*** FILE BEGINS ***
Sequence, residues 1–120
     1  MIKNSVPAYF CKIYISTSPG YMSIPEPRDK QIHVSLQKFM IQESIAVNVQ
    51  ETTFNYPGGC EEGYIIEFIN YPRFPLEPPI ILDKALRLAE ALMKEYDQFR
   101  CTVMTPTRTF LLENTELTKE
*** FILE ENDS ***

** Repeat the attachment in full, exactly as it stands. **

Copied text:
Sequence, residues 1–120
     1  MIKNSVPAYF CKIYISTSPG YMSIPEPRDK QIHVSLQKFM IQESIAVNVQ
    51  ETTFNYPGGC EEGYIIEFIN YPRFPLEPPI ILDKALRLAE ALMKEYDQFR
   101  CTVMTPTRTF LLENTELTKE